I'm really hoping this 14 million iPhones sales projection is not going to be a problem for Apple. Next thing I'll hear is that WS will have 14 million as the whisper number and if Apple doesn't make this mark, investors are going to be disappointed. I think that RBC is correct that Apple will actually sell that many iPhones, but they should have been a bit more conservative to say 12 million and then Apple would blow that figure away. Now if Apple could blow away that 14 million figure, then we'd all do a victory dance at the end of the year.

I really hope the 3G iPhone has two cameras with iChat. If that were to happen, the iPhone would just leave all the other handsets in the dust for social networking. I'm still trying to figure out what is going to be the killer app that drives iPhone sales. VOIP? Exchange support? Some game that uses the accelerometers? C'mon Apple. Make the iPhone the most desired handset on the planet.
post #22 of 36
Quote:
Originally Posted by Constable Odo View Post

Next thing I'll hear is that WS will have 14 million as the whisper number and if Apple doesn't make this mark, investors are going to be disappointed.

That sounds about right.

Quote:
I'm still trying to figure out what is going to be the killer app that drives iPhone sales.

Besides the Exchange Support, I think it's the app that connects to the App Store.
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post #23 of 36
Quote:
Originally Posted by solipsism View Post


Besides the Exchange Support, I think it's the app that connects to the App Store.

According to Scott Bourne on MacBreak Weekly Podcast, there's a new IM Chat app that is Twitter like.
Jim Cramer from the Street.com says an app called 'Conversation' that is going to bring Apple to the forefront of instant messaging.
post #24 of 36
Quote:
Originally Posted by satchmo View Post

According to Scott Bourne on MacBreak Weekly Podcast, there's a new IM Chat app that is Twitter like.
Jim Cramer from the Street.com says an app called 'Conversation' that is going to bring Apple to the forefront of instant messaging.

I wouldn't use Cramer as a source for technical fortune telling. I've heard this app called Conversation before, I think it was from Apple.

the SDK keynote highlighted an AIM app for the iPhone and we've had a patent show up recently so I expect an Apple version covering the main IM clients come v2.0. This may also include a Twitter or Twitter-like social networking aspect to this app, but I don't see Twitter's multicast social networking the app.

edit: http://forums.macrumors.com/showthread.php?t=473818
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post #25 of 36
Quote:
The revision comes from a newfound belief that Apple might alter its existing sales strategy to accommodate both carriers and users: where the company has insisted on a fixed price and revenue sharing, it may loosen its restrictions after encountering resistance to its present approach in some areas.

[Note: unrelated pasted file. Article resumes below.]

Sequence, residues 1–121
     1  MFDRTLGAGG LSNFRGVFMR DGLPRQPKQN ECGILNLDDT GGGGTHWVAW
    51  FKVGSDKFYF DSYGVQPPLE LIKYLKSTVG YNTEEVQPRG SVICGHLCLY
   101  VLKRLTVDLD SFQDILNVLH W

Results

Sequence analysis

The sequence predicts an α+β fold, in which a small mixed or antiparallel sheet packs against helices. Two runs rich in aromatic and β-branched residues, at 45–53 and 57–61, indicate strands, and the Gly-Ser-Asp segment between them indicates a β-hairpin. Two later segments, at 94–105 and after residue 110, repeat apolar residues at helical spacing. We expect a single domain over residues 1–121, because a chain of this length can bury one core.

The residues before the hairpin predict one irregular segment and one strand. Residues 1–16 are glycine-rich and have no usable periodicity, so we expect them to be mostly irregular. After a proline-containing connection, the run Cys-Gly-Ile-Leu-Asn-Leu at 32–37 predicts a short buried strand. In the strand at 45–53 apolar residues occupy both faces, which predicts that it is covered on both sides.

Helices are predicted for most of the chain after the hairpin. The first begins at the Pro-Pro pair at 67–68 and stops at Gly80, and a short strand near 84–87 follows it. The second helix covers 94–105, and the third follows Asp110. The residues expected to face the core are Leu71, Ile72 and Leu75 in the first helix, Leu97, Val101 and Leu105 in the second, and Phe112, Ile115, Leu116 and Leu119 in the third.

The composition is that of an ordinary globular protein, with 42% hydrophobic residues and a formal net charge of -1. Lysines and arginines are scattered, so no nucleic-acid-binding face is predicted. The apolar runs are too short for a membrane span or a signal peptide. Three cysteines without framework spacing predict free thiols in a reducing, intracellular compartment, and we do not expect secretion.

The company "may be planning to allow subsidized pricing, diminishing carrier exclusivity... and supporting global unlocked iphone sales," Abramsky claims, explaining that Apple could also reduce the revenue it shares from monthly plans or even drop the split entirely to secure some carriers' support.

Such a move could lift iPhone sales momentum by as much as 50 or 100 percent, he adds. An official backing of unlocked devices through sales in Apple retail stores and certain carriers could improve international sales by two to three times, according to the prediction.


Should it all come true, then Apple could become a normal company which goes out to maximize its market share. What a change from inflated prices and the rumored ATT revenue sharing agreement.

Let's hope for the best. The oracle has seen the light...

post #26 of 36
Quote:
Originally Posted by Timon View Post

Is there any place else that Apple is selling to that uses CDMA? If so then maybe just maybe there will be a world phone that has both CDMA and GSM.

If so then iPhones on Verizon is a given since they will allow any phone on there networks soon. The open question would be the cost of a data plan although they would have to be competitive with AT&T.

CDMA is dead, people are taking down their CDMA networks. Apple would never make a combination phone because their is no market and it would be bulky and expensive.
post #27 of 36
Quote:
Originally Posted by merdhead View Post

CDMA is dead, people are taking down their CDMA networks. Apple would never make a combination phone because their is no market and it would be bulky and expensive.